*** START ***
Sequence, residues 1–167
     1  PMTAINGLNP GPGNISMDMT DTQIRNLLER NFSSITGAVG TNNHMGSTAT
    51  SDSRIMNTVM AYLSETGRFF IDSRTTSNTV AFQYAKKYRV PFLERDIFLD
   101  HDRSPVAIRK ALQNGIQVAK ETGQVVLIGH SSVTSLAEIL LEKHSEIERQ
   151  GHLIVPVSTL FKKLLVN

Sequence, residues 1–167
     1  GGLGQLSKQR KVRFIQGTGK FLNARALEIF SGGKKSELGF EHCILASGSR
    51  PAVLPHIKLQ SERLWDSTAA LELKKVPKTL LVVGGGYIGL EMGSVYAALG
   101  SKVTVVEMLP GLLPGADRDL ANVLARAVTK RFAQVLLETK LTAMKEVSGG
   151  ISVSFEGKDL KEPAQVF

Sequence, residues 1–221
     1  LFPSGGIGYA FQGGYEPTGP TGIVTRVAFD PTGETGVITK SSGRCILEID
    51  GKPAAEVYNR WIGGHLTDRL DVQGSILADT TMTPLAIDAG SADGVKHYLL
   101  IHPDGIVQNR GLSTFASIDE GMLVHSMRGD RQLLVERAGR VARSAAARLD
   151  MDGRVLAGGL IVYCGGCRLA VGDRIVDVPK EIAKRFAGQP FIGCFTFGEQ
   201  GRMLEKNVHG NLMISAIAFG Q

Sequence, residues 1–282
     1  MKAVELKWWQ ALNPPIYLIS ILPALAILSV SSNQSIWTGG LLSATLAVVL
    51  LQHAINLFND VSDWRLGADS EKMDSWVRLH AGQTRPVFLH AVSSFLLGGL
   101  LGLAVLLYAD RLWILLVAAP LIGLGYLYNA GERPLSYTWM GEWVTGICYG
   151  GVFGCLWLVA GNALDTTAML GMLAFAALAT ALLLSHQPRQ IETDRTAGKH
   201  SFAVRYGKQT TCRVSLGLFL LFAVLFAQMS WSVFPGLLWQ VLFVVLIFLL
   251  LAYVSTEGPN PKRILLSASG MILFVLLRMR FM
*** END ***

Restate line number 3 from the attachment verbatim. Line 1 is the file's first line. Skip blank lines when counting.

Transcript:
    51  SDSRIMNTVM AYLSETGRFF IDSRTTSNTV AFQYAKKYRV PFLERDIFLD